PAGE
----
It’s all about the gaps, really.
First, the absence of agriculture from international policy discussions on climate change – that was a major one.
It was always transport-this, energy-that.
With agriculture responsible for around quarter of greenhouse gas emissions, surely a robust response to climate change needed it to feature somewhere in the plan? But for years it was the elephant in the debating chamber.
Then, suddenly, everything changed.
At COP21 in Paris a few weeks ago, four-fifths of UN-member states included activities related to agriculture in their commitments to tackle climate change. Agriculture couldn’t be ignored any longer. Finally, the gap was plugged.
It would be great if these plans, known as Intended Nationally-Determined Contributions (INDCs), could be implemented straight away. But now there’s another gap. Let’s call it the refinement gap: “Countries need to fine-tune their proposals by identifying priority actions and practical steps for achieving what they’ve committed to,” says Caitlin Corner-Dolloff, a researcher at the International Center for Tropical Agriculture (CIAT), which leads the CGIAR Research Program on Agriculture, Food Security and Climate Change (CCAFS).
Fortunately, these Climate-Smart Agriculture (CSA) Country Profiles can help. Quick and easy to read, they give an overview of the agricultural challenges and in 12 countries, and how CSA can help them adapt to and mitigate climate change. Developed by CIAT and CCAFS, in partnership with the World Bank and Costa Rica’s CATIE, the majority cover Latin America, with two state-specific profiles for Mexico.
“The response to the CSA Country Profiles so far has been incredible. We’ve had so many people – from agricultural advisers to policymakers to research organisations – either requesting copies or asking us to profile their countries next. It’s clear the profiles are addressing a real need for more accessible yet robust information on the status of CSA in different countries, and the practical steps countries can take tackle climate change through sustainable agriculture.”Caitlin Corner-Dolloff
Writing on the World Bank’s blog recently, Marc Sadler described the profiles as providing “a strong catalyst to move the dialogue, to improve knowledge or to focus potential actions.”
There will be more profiles coming in 2016, including several for sub-Saharan Africa*, which are being developed by CIAT, CCAFS and USAID. This year will also see work begin on the first profile for a European country: Moldova.
So, let’s assume everyone eventually gets their profile and refines their activities. Is that job done? Not quite. New irrigation systems don’t come cheap; making your livestock system cleaner and greener can’t be done with small change either. There’s going to be a funding gap: who’s going to pay for CSA?
The Country Profiles help here too, by identifying CSA-friendly donors and providing ideas as to the best practices to support. Also, a new CSA Prioritization Framework will enable donors to obtain more in-depth analyses of CSA packages to help channel their investments. It could mean the funding gap is living on borrowed time.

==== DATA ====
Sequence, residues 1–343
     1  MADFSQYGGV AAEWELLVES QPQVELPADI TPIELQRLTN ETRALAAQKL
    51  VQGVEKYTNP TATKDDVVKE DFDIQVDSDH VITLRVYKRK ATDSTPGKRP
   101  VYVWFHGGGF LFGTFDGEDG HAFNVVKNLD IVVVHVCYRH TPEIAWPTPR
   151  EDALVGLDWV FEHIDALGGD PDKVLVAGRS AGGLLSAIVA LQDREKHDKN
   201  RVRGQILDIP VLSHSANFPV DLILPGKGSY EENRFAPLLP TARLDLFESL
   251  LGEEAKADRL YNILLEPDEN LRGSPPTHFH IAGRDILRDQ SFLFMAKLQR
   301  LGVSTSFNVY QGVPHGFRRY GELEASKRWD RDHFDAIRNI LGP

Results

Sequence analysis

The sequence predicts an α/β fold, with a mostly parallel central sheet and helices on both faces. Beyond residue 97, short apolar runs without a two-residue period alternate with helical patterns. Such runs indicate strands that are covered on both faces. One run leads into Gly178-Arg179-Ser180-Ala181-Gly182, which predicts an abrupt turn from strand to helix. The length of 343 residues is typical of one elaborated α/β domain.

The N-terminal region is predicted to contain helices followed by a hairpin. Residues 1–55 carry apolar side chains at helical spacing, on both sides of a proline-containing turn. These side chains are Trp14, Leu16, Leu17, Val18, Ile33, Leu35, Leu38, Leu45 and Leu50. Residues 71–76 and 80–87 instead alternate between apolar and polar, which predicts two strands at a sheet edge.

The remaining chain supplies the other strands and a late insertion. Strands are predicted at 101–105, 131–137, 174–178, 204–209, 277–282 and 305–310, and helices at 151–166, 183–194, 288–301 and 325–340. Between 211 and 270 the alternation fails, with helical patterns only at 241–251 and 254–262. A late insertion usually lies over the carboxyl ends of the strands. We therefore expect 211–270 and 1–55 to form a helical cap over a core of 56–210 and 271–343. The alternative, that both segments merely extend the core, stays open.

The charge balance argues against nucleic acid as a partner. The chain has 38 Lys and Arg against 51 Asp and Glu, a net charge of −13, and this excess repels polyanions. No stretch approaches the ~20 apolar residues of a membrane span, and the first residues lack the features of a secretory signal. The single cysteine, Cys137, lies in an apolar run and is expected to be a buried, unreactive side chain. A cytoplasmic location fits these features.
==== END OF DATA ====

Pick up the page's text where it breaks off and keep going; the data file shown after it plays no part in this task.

But we’re not quite home-and-dry, because there’s still one more: the time gap. We’ll have to wait for those climate-smart practices to start bearing fruit. CCAFS’s climate-smart villages should help. These are real places in the developing world where a host of CSA activities are being tested. They should provide the proof that closing all the gaps is worth the effort, worth the cost, and worth the wait.
GET INVOLVED: The next big ideas
Are you a policymaker who wants to develop a new CSA profile for your location, or refine an existing one? Here are some ideas for you:
- Closing the CSA knowledge gap – on-demand CSA country profiles. Donors, policymakers and farmers in many more countries can benefit from CSA Country Profiles. These can be customised to include specific variables of interest.
- CSA profiles for local action – in compiling the CSA country profiles, the CCAFS team found that in some countries, funding decisions regarding agricultural projects are often made at a local or regional level, rather than at the national level. The development of localised CSA profiles, can help local authorities identify high-interest activities for further investigation. With the close involvement of farmers, these CSA profiles will also help them assess local barriers to the adoption of CSA.
- Cost-benefit analysis of “best-bet” practices – by adding an economic dimension, further studies will allow decision makers to better understand the many trade-offs likely to be involved in implementing different CSA packages. This in turn will enable them to assess the viability of different packages and fine-tune their policies accordingly.
To find out how to get involved, visit CIAT’s Take Action page.
The following CSA Country Profiles are ready for download:
Argentina, Colombia, Costa Rica, El Salvador, Grenada, Mexico, Peru, Nicaragua, Uruguay, Rwanda, Kenya, Sri Lanka, Mali, Niger.
During 2016 these will be ready: Mali, Niger, Ghana, Senegal, Ethiopia, Uganda.
For more information on current profiles, those already in the pipeline, and new ones for the future, contact CIAT’s CSA Country Profile project leader, Andreea Nowak email@example.com